• Area: Generally, the non-competition area shall be limited to the area of the employer's actual business activities. See Article 7-2 of the Enforcement Rules of the Labor Standards Act. Therefore, the employer shall draft the non-competition clause in a very specific way, narrowing down the area to where the employer actually runs its business. When the non-competition clause fails to specify the area, the employee may argue that non-competition clause covers too broad to be effective. The employer used to argue that limiting the employee not to compete nationally or even globally in the absence of area specification is still reasonable because the employer runs its business globally. However, the court tends to hold that such employer's argument would fail. See 106 S.C. Tai Shan No. 2711 (2017) (rejecting the employer's arguments).
  • Scope: The non-competition clause shall concretely specify the scope of occupational activities for the limitation, and shall be identical or similar to the scope of the employee's occupational activities when working for the employer.  See Article 7-2 of the Enforcement Rules of the Labor Standards Act. When the employer generally will look to its registry records in front of the Ministry of Economics for arguing the scope of the non-competition clause, the court would still check whether the employee did conduct such occupational activities when working for the employer. In a similar context, the non-competition clause shall specify the prospective employer for the business competition limitation, stating clearly what business activities are identical or similar to and competitive with those of the employer.

Reasonable Compensation

The employer shall reasonably compensate the employee who is bound not to engage in business competition activities for the losses incurred. Here, it is very important to note that any remuneration received by the employee during employment will not be considered as the reasonable compensation herein. Article 7-3 the Enforcement Rules of the Labor Standards Act lists some factors for determining whether the compensation is reasonable.  

  • The amount of compensation per month shall be no less than 50% of one month's average wage of the employee upon resignation.
  • The amount of compensation shall be sufficient to support the resigned employee during the period of business competition limitation.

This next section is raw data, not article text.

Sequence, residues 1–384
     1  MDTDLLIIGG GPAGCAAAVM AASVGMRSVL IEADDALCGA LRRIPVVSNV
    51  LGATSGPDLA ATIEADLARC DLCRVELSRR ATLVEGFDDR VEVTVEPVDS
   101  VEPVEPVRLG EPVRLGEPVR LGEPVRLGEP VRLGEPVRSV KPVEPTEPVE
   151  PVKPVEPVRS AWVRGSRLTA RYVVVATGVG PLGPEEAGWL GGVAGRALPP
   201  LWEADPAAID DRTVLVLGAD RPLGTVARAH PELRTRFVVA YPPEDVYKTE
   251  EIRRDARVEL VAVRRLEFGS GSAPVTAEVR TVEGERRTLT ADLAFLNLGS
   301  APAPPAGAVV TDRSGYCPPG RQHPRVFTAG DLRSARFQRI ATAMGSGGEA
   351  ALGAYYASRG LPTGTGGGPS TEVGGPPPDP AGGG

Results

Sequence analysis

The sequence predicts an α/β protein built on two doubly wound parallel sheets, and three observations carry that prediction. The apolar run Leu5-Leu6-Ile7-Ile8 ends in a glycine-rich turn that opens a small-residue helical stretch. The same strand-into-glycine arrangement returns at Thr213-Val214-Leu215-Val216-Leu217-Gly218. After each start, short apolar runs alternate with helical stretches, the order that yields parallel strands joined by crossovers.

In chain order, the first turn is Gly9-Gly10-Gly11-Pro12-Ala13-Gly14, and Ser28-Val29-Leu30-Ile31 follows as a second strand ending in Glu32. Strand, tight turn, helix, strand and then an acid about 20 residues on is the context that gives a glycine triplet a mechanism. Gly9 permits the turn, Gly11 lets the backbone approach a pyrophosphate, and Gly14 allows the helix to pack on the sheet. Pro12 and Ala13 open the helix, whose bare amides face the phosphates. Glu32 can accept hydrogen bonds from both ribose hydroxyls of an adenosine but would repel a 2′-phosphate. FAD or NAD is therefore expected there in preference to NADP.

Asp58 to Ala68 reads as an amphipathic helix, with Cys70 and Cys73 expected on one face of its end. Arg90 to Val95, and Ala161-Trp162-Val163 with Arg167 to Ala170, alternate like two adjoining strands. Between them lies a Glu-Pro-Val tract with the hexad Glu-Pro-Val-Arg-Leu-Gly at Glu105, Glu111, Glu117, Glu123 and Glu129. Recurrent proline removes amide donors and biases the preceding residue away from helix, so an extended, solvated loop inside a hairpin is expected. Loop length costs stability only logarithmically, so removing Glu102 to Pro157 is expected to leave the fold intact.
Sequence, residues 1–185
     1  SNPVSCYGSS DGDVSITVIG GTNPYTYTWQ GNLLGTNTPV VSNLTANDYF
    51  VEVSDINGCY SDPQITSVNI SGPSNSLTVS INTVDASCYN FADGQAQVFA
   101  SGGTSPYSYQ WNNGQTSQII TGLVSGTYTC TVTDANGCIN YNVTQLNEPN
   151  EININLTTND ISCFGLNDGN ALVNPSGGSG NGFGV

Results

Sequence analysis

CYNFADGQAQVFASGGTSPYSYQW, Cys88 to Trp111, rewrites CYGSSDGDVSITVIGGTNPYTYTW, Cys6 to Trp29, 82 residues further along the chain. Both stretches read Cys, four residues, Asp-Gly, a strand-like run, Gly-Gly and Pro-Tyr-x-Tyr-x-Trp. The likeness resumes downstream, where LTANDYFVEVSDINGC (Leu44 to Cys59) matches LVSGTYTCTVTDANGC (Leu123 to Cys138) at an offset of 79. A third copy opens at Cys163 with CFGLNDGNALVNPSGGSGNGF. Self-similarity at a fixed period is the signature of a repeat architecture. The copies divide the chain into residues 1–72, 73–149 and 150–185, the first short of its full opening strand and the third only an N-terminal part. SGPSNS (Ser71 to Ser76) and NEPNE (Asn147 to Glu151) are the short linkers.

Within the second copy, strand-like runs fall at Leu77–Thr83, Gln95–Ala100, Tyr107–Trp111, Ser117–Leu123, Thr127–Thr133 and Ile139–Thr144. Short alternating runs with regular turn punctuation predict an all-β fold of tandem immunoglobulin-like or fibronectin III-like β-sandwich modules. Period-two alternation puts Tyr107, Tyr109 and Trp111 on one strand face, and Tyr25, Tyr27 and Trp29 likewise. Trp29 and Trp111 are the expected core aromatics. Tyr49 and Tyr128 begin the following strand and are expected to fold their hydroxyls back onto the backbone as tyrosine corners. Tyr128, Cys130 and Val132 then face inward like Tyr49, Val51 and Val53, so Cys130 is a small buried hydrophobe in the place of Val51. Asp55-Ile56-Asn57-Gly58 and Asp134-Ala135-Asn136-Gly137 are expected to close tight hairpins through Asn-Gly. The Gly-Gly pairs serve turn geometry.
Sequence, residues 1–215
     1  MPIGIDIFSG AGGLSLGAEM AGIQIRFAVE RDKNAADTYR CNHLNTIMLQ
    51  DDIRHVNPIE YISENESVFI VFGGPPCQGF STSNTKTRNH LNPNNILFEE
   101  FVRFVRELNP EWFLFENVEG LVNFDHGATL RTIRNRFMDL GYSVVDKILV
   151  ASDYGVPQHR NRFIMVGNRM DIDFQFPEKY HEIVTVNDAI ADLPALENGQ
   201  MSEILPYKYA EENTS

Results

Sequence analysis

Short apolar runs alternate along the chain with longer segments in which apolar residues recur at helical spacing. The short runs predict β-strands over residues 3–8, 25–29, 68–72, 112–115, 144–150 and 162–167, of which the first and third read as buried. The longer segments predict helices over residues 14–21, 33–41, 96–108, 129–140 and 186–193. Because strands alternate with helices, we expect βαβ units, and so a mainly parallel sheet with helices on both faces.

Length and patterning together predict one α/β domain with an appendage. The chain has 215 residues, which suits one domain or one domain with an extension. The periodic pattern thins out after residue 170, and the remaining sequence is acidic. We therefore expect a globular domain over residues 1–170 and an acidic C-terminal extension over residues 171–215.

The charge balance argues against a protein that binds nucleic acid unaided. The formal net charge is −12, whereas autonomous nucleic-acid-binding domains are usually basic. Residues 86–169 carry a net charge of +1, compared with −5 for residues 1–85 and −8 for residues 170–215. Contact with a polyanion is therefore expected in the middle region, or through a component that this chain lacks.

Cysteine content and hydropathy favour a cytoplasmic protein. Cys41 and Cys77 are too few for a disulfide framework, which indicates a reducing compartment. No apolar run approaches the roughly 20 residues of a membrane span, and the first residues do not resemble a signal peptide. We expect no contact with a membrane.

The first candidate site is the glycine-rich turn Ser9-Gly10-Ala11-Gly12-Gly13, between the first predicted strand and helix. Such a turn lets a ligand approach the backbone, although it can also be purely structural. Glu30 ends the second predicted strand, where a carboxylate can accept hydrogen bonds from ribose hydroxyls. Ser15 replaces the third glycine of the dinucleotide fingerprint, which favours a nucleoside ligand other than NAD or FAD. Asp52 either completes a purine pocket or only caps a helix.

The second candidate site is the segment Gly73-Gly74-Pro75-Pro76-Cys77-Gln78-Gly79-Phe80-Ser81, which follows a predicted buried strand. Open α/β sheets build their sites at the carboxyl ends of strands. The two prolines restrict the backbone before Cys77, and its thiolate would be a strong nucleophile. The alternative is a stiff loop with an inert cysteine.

• The amount of compensation shall be equivalent to the loss incurred by the employee in compliance with the period, area, scope of occupational activities and prospective employer of the business competition limitation.
  • Moreover, the court may also consider other relevant matter to determine whether the compensation is reasonable.

In addition, the employer must reach an agreement with the employee as to the compensation paid to the employee on a lump sum fee basis upon resignation, or paid on a monthly basis to the employee after resignation.

As you can see, it is very complicated when employer would like to enforce a non-competition clause after the employment relationship is ended. As this article covers almost most of the important points that employers and employees shall pay attention to, you still should consult a lawyer when you are facing this topic.

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Hung Ou Yang's picture

Hung Ou Yang, Esq., Managing Partner of Brain Trust International Law Firm, specializes in transnational legal disputes, international trade, business and white collar crime, and antitrust. Hung Ou Yang has successfully resolved many high-profile civil, criminal, and transnational disputes, including but not limited to representing Simpolo, Icon, and other Indian tiles companies in an anti-dumping investigation regarding ceramic tiles, advising PharmaEngine to deal with its commercial dispute regarding a merger with a French company, representing Indo Kordsa for its corporate internal investigation which led to exposing a biggest bank fraud case in Taiwan history.